Coal is clearly the linchpin of any efforts to address greenhouse gas emissions from the two countries: the U.S. gets half its power from the dirty black rock and China more than 80 percent. In fact, burning coal is the main reason the two countries lead the world in producing global warming pollution. And coal has now surpassed oil as the fossil fuel producing the most greenhouse gases (ending a 40-year run for petroleum), according to the Global Carbon Project, thanks largely to a rapid increase in its burning in China, India and other developing countries.

But as far as efforts to clean coal go, there is currently only one project in the world that both captures and stores the CO2 that would otherwise be emitted from a coal-fired power plant—Mountaineer Power Plant in West Virginia. And that demonstration project captures just 1.5 percent of that 1,3000 megawatt coal-fired power plant’s emissions, or 0.00001 percent of global emissions of the greenhouse gas. China and the U.S. working together to solve climate change is exactly what the planet needs, yet it’s clear there is a long way to go. In fact, European and environmentalist commentators have charged Obama with being "dishonest" or "fibbing" about climate change.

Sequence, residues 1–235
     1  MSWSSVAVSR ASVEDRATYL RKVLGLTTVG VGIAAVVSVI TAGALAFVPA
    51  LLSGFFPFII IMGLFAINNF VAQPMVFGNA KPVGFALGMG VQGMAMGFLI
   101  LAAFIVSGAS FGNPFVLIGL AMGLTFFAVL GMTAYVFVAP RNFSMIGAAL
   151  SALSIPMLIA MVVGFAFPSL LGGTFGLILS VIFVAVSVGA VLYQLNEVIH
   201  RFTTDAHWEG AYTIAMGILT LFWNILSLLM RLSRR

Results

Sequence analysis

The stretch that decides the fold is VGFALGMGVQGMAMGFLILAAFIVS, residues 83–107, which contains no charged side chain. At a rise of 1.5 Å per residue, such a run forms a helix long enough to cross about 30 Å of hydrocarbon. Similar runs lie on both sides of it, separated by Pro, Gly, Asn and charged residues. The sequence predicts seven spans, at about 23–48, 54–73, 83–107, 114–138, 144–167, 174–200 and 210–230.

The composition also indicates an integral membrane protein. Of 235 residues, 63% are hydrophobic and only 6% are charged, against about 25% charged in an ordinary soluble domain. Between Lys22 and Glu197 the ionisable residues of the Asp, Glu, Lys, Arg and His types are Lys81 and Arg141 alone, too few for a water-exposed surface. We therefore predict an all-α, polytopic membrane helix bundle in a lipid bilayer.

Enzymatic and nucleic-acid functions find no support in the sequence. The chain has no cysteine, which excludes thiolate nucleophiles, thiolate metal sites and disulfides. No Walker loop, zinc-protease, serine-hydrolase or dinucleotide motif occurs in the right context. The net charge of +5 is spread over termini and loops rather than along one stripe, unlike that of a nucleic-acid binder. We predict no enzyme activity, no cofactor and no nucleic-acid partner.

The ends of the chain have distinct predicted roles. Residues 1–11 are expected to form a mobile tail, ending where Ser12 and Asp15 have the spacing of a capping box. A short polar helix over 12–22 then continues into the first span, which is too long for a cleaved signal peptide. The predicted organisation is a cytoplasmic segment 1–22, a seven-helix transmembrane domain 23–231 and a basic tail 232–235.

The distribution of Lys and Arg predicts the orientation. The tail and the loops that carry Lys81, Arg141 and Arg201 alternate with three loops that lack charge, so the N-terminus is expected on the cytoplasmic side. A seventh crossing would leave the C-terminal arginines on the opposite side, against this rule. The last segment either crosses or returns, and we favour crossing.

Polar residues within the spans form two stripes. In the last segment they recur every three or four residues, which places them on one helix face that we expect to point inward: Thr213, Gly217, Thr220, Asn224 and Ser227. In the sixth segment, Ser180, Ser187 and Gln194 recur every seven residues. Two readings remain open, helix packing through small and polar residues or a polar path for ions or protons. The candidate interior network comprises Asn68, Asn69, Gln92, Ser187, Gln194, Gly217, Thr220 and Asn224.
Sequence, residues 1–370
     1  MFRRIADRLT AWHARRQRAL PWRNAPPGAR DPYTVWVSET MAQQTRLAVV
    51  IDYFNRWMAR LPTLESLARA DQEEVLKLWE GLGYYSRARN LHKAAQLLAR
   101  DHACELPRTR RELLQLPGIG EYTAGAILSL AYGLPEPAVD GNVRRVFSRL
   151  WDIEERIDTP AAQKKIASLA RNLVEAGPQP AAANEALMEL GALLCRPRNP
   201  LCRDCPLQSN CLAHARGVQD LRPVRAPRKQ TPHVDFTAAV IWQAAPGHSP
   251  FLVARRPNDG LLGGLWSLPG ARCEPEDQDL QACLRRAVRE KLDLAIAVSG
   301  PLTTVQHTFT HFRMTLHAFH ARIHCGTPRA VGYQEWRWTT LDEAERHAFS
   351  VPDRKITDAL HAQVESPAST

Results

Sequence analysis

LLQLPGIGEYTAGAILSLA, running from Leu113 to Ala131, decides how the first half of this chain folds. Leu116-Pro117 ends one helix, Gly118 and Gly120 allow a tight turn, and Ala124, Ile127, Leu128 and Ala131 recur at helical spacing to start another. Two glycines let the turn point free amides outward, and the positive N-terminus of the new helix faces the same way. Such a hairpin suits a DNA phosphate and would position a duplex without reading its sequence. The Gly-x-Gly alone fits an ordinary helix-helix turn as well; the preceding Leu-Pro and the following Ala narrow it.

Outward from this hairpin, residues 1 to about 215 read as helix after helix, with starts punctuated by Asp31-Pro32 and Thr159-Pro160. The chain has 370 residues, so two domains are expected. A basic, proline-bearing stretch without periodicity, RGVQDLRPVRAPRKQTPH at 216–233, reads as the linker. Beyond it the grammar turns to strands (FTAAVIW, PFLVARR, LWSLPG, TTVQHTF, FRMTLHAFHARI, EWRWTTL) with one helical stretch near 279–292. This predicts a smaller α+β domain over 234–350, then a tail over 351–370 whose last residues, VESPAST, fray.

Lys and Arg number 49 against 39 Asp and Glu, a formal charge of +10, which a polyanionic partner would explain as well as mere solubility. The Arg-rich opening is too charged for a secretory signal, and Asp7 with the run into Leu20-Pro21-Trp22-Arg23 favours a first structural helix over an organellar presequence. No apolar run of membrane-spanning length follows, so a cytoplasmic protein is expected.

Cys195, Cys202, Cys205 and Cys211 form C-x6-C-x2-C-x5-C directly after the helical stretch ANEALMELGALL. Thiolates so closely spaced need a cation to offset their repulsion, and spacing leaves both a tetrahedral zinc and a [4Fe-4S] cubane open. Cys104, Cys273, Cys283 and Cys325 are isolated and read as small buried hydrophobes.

However, as an ancient (and possibly apocryphal) Chinese philosopher mused: "A journey of a thousand miles begins with a single step." Could this historic visit and agreement be that step for climate change?

Image: Official White House Photo by Pete Souza

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  1. 1. Mims 3:30 pm 11/17/2009

    One thing I would add: US and China are 40% of emissions right *now.* But if we don’t add Russia to any eventual deal, the 2nd largest coal reserve in the world will eventually (inevitably?) be burned in the name of sustaining the Earth’s teeming masses.

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  2. 2. sethdayal 7:47 pm 11/17/2009

    What not a word on the 10 American designed AP-1000 reactors China has under construction and final engineering. or the hundred that are being planned. If it wasn’t for the Republicans standing firm for 100 of them in the climate bill against Obama’s team of "renewable" nutballs buoyed up by the massive monetary support from Big Coal/Oil, we wouldn’t be seeing any nukes in the US.

    The Chinese nukes are coming in so far for at $1.7 billion a gigawatt and are expected to hit less than a $1 billion. Construction time 42 months. US cost same reactor 4 times that project time 10 years..